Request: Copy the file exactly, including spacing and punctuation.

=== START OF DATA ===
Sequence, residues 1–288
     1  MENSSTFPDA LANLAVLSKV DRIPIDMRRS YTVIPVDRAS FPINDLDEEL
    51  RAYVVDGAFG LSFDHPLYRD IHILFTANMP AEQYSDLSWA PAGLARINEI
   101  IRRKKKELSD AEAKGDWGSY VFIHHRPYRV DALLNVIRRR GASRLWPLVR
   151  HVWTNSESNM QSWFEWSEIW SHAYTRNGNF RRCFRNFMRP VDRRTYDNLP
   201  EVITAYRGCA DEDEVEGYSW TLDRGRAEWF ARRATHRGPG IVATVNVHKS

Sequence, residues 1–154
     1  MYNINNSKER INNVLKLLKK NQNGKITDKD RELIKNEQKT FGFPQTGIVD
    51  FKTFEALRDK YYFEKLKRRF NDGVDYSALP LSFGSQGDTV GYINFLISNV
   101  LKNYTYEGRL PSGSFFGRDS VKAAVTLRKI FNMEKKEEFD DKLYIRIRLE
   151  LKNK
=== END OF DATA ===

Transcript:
Sequence, residues 1–288
     1  MENSSTFPDA LANLAVLSKV DRIPIDMRRS YTVIPVDRAS FPINDLDEEL
    51  RAYVVDGAFG LSFDHPLYRD IHILFTANMP AEQYSDLSWA PAGLARINEI
   101  IRRKKKELSD AEAKGDWGSY VFIHHRPYRV DALLNVIRRR GASRLWPLVR
   151  HVWTNSESNM QSWFEWSEIW SHAYTRNGNF RRCFRNFMRP VDRRTYDNLP
   201  EVITAYRGCA DEDEVEGYSW TLDRGRAEWF ARRATHRGPG IVATVNVHKS

Sequence, residues 1–154
     1  MYNINNSKER INNVLKLLKK NQNGKITDKD RELIKNEQKT FGFPQTGIVD
    51  FKTFEALRDK YYFEKLKRRF NDGVDYSALP LSFGSQGDTV GYINFLISNV
   101  LKNYTYEGRL PSGSFFGRDS VKAAVTLRKI FNMEKKEEFD DKLYIRIRLE
   151  LKNK